Advancement to Candidacy
Besides meeting all general requirements for advancement to candidacy, applicants must, in addition, have completed with grades of B or better, two graduate seminars in one or more of the classical languages.

Courses for this program are listed in alphabetical sequence (see Classics discipline in the "Announcement of Courses" section). With the approval of the graduate adviser, all upper division courses offered by the Department of Classics may be considered for the master's degree.

							Units
CLAS 720	Seminar in Classical Languages and 
		Literature				  6
CLAR 820	Seminar in Classical Archaeology, 
		Cultures, and Civilizations		3-6
Courses selected from the following graduate offerings 
of other departments (or other courses upon approval 
of the Classics graduate adviser)			6-9
	HIST 710	Seminar in Ancient and Medieval 
			History
	PHIL 770	Seminar in a Classical Author
	PHIL 772	Seminar in a Classical College
	PHIL 775	Seminar in the History of 
			Philosophy
	WCL 896		Directed Reading (when topic 
			involves study of a classical 
			area)
Upper division or graduate courses in ancient 
literature (readings in the original languages)		6-9
Upper division or graduate courses in ancient 
literature (readings in the original languages) or 
courses in classical culture and civilization, art, 
archaeology						3-6
One of the following options:				  3
	CLAS 898	Master's Thesis
	One additional upper division or graduate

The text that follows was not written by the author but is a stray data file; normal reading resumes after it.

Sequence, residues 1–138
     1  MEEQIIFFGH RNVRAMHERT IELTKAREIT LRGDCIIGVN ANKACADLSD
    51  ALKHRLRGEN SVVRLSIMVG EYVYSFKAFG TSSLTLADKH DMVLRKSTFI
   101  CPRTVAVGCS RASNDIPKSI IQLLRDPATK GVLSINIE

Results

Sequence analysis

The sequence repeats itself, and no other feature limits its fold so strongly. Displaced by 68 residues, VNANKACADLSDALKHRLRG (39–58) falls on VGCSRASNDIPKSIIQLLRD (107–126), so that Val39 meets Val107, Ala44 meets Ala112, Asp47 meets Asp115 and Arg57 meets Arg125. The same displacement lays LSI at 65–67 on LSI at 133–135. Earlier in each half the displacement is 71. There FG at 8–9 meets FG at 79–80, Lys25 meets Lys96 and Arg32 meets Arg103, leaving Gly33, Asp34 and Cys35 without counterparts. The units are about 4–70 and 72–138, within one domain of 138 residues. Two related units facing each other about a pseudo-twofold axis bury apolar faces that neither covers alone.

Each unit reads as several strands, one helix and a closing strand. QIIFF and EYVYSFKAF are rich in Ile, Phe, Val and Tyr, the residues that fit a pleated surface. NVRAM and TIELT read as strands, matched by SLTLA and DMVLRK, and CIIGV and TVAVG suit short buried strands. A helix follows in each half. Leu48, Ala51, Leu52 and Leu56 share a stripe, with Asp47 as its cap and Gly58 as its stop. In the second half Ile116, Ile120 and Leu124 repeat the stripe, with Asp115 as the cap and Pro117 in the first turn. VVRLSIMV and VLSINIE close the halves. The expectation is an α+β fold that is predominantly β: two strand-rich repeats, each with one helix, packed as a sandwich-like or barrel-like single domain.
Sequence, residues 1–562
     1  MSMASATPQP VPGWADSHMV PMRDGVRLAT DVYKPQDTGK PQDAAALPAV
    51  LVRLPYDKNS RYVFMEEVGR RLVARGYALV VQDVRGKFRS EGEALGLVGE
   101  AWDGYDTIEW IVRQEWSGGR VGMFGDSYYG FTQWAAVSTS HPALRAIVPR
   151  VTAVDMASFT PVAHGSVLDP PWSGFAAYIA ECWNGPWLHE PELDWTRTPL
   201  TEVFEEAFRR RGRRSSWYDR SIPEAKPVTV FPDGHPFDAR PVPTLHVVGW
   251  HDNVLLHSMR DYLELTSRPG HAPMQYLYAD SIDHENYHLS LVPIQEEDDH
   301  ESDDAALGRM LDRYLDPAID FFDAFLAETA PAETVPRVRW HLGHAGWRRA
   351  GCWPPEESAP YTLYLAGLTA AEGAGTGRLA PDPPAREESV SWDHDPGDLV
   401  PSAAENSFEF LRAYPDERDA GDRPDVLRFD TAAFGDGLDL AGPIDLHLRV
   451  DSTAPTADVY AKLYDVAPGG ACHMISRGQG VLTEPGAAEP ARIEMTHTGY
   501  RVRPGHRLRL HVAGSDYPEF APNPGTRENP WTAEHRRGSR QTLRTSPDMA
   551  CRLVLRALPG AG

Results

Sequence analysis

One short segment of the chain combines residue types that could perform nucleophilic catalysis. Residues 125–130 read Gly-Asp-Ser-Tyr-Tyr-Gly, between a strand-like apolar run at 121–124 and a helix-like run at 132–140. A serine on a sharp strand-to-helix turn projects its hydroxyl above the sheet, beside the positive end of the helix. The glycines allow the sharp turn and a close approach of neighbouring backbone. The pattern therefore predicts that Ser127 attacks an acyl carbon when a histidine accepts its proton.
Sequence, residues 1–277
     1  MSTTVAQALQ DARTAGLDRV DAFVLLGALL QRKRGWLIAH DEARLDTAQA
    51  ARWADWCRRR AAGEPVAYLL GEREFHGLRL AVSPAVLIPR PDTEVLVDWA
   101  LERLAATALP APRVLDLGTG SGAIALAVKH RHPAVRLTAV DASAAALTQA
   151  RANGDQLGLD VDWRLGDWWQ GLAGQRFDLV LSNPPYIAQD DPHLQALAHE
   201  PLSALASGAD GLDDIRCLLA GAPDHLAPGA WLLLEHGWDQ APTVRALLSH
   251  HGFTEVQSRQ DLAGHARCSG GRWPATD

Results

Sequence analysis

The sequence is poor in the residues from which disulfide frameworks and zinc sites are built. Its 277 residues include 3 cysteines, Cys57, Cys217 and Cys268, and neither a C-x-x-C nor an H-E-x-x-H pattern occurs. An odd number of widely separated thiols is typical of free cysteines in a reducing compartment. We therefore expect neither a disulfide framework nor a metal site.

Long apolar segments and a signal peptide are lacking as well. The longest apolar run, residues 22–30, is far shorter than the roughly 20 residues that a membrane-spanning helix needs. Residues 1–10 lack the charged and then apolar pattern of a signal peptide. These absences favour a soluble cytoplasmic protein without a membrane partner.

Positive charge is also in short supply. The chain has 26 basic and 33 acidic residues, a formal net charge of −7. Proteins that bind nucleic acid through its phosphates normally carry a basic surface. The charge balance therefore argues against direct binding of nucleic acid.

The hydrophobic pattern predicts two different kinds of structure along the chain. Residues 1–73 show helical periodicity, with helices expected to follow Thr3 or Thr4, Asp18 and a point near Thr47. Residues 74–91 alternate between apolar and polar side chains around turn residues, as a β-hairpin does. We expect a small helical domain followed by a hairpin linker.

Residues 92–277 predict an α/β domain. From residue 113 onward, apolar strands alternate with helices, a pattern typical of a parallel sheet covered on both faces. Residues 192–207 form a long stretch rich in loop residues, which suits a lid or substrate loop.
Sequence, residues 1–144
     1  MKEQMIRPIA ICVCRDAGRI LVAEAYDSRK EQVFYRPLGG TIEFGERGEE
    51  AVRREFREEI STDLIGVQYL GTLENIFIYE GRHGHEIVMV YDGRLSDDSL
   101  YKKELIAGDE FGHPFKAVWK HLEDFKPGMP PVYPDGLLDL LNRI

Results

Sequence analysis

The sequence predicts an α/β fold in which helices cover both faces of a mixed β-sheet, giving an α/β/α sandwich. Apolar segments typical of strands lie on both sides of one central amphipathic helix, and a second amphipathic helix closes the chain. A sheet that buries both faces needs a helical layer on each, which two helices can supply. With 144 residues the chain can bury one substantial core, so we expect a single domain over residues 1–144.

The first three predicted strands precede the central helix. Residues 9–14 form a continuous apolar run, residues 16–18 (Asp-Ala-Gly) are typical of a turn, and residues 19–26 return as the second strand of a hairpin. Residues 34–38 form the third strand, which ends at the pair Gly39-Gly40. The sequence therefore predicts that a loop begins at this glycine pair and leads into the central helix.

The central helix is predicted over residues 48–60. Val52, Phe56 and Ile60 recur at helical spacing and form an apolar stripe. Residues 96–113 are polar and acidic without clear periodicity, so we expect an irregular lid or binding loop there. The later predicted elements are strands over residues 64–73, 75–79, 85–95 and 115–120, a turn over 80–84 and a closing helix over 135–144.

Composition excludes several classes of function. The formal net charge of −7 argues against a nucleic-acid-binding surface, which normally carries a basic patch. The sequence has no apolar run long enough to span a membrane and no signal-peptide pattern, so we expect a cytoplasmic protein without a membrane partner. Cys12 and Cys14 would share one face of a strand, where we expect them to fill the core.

Classics course and
	Master's Comprehensive Oral Examination
		Minimum total				 30
and Written Ancient Language and Modern Language Examinations
Examination and Research Options
Written Ancient Language Examination

Upon completion of the course work, the student must pass a written translation examination on a specified group of works in the ancient language(s) in which s/he has specialized.

Comprehensive Oral Examination

Upon completion of the course work, the student not writing a master's thesis must take a comprehensive oral examination administered by a committee of three faculty members on a specified group of works in the literature, history, and culture of the ancient civilization in which s/he has specialized.

Master's Thesis

Each candidate who selects the option of a Master's Thesis must submit a draft. After the draft is approved by a three-member faculty committee, the Proposal for Culminating Experience Requirement form is signed and filed in the Graduate Division. A final conference for approval of the completed thesis is held with the candidate and student's thesis committee.

Modern Language Requirement

Prior to the awarding of the Master of Arts in Classics, students must demonstrate a reading knowledge of one of the following modern languages at the upper division level: French, German, or Italian. Students may substitute an equivalent knowledge of another modern language upon approval of the department chair and the graduate adviser.


Bulletin 1994-96 Table of Contents, SFSU Home Page

last modified June 1, 1995